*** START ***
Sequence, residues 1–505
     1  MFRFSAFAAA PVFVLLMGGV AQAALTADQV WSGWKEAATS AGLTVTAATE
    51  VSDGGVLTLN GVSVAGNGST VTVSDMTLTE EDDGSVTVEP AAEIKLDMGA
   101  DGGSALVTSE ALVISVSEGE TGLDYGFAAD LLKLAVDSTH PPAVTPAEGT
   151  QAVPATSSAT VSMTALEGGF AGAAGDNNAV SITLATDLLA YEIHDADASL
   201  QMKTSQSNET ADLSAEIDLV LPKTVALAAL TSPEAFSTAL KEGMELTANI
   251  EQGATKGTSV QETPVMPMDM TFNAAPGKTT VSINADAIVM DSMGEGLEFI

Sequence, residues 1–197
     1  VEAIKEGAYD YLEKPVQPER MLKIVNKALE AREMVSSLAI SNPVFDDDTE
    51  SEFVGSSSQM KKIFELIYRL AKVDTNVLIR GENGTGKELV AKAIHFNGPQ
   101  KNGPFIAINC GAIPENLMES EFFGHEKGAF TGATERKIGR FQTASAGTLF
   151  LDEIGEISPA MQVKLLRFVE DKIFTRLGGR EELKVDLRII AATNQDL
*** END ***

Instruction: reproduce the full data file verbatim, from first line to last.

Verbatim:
Sequence, residues 1–505
     1  MFRFSAFAAA PVFVLLMGGV AQAALTADQV WSGWKEAATS AGLTVTAATE
    51  VSDGGVLTLN GVSVAGNGST VTVSDMTLTE EDDGSVTVEP AAEIKLDMGA
   101  DGGSALVTSE ALVISVSEGE TGLDYGFAAD LLKLAVDSTH PPAVTPAEGT
   151  QAVPATSSAT VSMTALEGGF AGAAGDNNAV SITLATDLLA YEIHDADASL
   201  QMKTSQSNET ADLSAEIDLV LPKTVALAAL TSPEAFSTAL KEGMELTANI
   251  EQGATKGTSV QETPVMPMDM TFNAAPGKTT VSINADAIVM DSMGEGLEFI

Sequence, residues 1–197
     1  VEAIKEGAYD YLEKPVQPER MLKIVNKALE AREMVSSLAI SNPVFDDDTE
    51  SEFVGSSSQM KKIFELIYRL AKVDTNVLIR GENGTGKELV AKAIHFNGPQ
   101  KNGPFIAINC GAIPENLMES EFFGHEKGAF TGATERKIGR FQTASAGTLF
   151  LDEIGEISPA MQVKLLRFVE DKIFTRLGGR EELKVDLRII AATNQDL